Indo Inquisition

13 weeks in India



Jul '12 - Jan '13

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    By amlocke
    Sep 19, '12 11:32 AM EST

    I thought it falsity upon first glance. Surely no place on earth exists with such vigorous beauty, such vibrant materiality, and such august structures! She came into view from across the Tungabhadra, her high gopura set juxtaposed against the aphotic monsoon clouds beyond. She was Virupaksha Temple, the most noteworthy temple in all of Hampi. One blissful ferry ride later, I was at her base, staring skyward. I removed my shoes (an action I was becoming accustomed to), eluded two large monkeys enjoying their bananas, and proceeded to enter.

    Pointing my feet firstly towards a dimly lit hypostyle hall, I advanced forward to discover it filled with women cooking and men scrubbing. The men were part of a restoration project, which included scouring off 500 years of dirt and grime from the columns and roof of this great hall. I advanced further remembering the coldness of temple granite beneath my feet. It would be in this hall that I would discern the first great facet of Hampi architecture. The hall was 100 ft long and 50 ft wide, but a third of its southern most was bisected diagonally by a 30-degree change in the floor slab. The columns in this area were adjusted accordingly to account for this incongruous mishap, and a small gutter was carved at the base of this slide to collect and distribute the runoff, which mysteriously congregated there. It left a harmonious melody of trickling water that seemed to manifest the hall making it even more cavelike.

    But it was this slant, which commandeered my mind. Why would these great builders choose to leave such an imposing obstruction when surely they had the skill to remove it? I would find this anomaly throughout the structures of Hampi. Temples, walls, towers- all embraced their site, as if it were an adaptive reuse of a garden designed by the maker himself. These anomalies began to take precedent in mind, as they were the most fascinating aspects of illustration.

    I have seen other monumental structures of the south, but Hampi is the river in The Scream, the coffered vault in The Last Supper, the luminous clouds in The Creation of Adam; for with any other backdrop, Hampi's texture is forlorn. It is the boulder strung, banana grove, palm tree landscapes which hoist these structures into a class of beauty unfathomable by her urban counterparts, and the course to which one accesses her bounty is equally exhilarating.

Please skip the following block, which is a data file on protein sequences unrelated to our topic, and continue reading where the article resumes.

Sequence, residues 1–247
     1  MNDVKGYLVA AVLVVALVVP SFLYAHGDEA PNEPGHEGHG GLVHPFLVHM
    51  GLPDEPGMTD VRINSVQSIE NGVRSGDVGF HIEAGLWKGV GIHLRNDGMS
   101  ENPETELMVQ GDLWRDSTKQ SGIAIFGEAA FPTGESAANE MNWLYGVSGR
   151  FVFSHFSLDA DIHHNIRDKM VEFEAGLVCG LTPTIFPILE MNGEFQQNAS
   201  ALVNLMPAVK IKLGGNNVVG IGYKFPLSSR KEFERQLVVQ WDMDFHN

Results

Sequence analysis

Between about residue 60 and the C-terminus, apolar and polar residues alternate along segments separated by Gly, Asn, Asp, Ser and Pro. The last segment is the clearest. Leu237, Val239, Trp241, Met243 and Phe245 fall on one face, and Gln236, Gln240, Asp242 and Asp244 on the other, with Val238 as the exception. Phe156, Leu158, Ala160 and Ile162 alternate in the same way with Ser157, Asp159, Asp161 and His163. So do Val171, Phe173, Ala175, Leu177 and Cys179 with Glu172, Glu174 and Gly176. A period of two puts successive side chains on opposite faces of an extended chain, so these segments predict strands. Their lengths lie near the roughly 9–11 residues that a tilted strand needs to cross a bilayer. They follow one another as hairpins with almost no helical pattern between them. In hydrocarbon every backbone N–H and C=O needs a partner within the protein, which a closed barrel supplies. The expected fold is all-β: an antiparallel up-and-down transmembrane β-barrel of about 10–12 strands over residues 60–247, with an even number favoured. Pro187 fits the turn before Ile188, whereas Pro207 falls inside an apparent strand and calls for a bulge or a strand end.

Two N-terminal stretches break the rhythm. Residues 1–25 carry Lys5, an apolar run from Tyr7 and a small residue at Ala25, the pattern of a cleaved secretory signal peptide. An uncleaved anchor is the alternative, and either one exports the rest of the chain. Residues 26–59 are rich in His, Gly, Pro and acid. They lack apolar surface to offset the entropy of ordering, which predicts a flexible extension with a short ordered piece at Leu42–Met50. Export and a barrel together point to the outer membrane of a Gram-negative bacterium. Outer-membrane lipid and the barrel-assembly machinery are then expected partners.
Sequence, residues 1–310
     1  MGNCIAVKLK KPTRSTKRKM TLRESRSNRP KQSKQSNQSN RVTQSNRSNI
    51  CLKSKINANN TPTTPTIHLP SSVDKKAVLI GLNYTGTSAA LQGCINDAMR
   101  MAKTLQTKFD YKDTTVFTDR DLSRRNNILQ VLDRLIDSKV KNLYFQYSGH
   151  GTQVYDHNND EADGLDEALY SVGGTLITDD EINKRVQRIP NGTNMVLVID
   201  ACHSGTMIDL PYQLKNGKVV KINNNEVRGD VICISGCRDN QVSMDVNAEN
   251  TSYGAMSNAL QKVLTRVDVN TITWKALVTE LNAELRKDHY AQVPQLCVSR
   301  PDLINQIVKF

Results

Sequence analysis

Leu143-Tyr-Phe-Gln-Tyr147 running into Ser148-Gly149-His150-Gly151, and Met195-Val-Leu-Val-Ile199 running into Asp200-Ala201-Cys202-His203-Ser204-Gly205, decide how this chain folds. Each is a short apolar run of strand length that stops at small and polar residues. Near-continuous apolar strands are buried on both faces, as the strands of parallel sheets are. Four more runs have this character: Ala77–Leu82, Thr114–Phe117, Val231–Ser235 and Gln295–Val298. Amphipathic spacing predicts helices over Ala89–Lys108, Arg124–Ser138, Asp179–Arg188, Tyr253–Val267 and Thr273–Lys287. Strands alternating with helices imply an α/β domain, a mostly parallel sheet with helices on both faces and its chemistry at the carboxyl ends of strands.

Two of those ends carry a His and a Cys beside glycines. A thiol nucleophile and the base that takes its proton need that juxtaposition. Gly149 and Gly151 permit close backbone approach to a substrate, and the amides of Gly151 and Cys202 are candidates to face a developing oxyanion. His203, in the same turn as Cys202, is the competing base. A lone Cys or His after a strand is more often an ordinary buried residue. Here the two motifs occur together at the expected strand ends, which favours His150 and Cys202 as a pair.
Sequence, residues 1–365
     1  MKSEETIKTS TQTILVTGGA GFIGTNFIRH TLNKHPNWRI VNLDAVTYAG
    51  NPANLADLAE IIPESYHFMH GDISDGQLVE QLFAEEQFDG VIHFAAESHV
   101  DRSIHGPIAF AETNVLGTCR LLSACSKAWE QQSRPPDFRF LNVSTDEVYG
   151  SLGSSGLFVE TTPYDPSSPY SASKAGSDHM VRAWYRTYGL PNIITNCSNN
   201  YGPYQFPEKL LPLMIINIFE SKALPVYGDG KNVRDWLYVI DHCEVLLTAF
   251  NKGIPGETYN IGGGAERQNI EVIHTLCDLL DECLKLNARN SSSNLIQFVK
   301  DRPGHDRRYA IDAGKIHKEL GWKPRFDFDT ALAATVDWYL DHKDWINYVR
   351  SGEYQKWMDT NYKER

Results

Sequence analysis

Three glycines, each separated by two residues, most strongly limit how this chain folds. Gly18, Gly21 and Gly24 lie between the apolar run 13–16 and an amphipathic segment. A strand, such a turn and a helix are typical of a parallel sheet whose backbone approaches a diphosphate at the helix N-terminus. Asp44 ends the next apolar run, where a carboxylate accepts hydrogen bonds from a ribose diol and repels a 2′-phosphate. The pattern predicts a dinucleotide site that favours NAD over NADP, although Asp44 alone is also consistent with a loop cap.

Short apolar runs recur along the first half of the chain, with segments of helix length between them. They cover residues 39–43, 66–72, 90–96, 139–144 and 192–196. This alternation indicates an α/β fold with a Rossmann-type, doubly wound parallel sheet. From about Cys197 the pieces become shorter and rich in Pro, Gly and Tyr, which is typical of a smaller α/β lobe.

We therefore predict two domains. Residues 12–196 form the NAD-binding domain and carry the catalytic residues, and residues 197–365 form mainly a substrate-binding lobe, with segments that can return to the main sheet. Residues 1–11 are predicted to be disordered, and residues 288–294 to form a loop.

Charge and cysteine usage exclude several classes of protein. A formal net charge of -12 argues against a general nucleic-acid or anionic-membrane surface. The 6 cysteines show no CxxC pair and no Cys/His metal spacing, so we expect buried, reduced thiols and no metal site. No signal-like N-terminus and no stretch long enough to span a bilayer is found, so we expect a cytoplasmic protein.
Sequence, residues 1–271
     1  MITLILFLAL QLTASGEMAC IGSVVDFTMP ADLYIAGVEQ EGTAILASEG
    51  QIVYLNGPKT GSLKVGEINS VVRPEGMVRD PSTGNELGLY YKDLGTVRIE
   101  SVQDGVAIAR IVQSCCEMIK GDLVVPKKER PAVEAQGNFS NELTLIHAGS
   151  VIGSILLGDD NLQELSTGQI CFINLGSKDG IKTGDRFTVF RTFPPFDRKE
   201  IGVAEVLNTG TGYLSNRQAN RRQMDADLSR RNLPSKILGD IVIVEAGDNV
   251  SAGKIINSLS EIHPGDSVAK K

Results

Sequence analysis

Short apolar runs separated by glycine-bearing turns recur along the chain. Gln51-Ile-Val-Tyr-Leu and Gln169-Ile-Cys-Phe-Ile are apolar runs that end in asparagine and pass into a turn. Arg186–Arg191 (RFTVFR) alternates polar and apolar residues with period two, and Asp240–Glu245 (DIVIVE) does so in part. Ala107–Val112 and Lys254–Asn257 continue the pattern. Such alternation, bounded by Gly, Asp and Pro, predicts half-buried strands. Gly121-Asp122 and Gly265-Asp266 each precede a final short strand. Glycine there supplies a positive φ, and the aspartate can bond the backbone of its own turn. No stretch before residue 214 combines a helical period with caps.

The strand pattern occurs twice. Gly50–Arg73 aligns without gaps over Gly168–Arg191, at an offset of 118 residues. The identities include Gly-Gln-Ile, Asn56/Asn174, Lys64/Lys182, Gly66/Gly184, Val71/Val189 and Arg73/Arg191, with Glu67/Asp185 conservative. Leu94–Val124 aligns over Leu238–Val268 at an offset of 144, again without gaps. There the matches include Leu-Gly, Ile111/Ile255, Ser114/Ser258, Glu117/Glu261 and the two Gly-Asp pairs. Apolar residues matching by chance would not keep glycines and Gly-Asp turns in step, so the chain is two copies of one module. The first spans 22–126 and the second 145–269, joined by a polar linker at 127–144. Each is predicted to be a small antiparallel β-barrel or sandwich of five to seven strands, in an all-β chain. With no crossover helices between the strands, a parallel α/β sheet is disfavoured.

The complex of Hampi is too vast for a simple saunter, and as one requires a more convenient mode of transport, the Indian motorbike deems itself most convenient. For the price of about three US dollars, one may rent a motorbike for the day. The road that connects the Hampi Empire is serpentine, but smooth. It climbs stone hills, weaves around temples, descends under gates, and pierces through banana groves. One becomes quite aware of the surroundings- dodging rickshaws, pedestrians, and herds of cows and goats alike. This action, along with the cool morning breeze through my hair, brought a sense of euphoria over me, one that’s been inimitable by any other thus far. If it were not for the temples, perhaps I would have never stopped.

    The remnants of ruined palaces, temples, baths and elephant stables are sprung across a vast green plane. It is the brick country house on a grand scale, reaching three to four stories at times (in its ruinous state), while simultaneously descending subterranean. Here, it is the walls, which remain most intact. They dictate your views, your path of travel, and demand your awe. As an urban structure in its heyday it would have been a conscientious and dictatorial walk. One may find collation in the Roman Forum, but I must contend to the volition of my beliefs in the superiority in both, craftsmanship and grandeur to which the Forum conveys.

    The day grew short and dark with the coming rainstorm, and I wished to see Vitthala Temple if only for a half-an-hour. The temple lies at the end of a half-mile, column-lined promenade. She was in slight disrepair as her gopura was partially collapsed, but the majority of her insides were intact. A wall, 15 ft high, surrounds her four shrines and directs all attention inward. Although the shrines are all symmetrical in nature, their layout within the walls only hints at it, resulting in no such duplication of courtyard space. Her homogeneity is striking. Everything is stone, massive and weighty, emitting an aura of permanence.

    Hampi was a lesson of immeasurable proportion. Figure ground, solid void, datum, site integration, and materiality- all components- tools of the modern architect, competently executed 500 years ago.

    Virupaksha Temple from Hemakuta Hill

    A 30 degree change in the floor slab

    Making best use of the site, the wall of Hemakuta Hill

    The temples atop Hemakuta Hill

    Vitthala Temple


    • beautifully told.

      Sep 19, 12 2:17 pm  · 

      lovely narrative.

      Sep 23, 12 9:29 pm  · 

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About this Blog

An Indo Inquisition is a thirteen-week train expedition across India. The journey will document the influences of international modernism and British occupation, as well as compare the effects of wealth accumulation, culture, religion, and poverty with economic growth and their effect on the built environment.

Authored by:

  • amlocke

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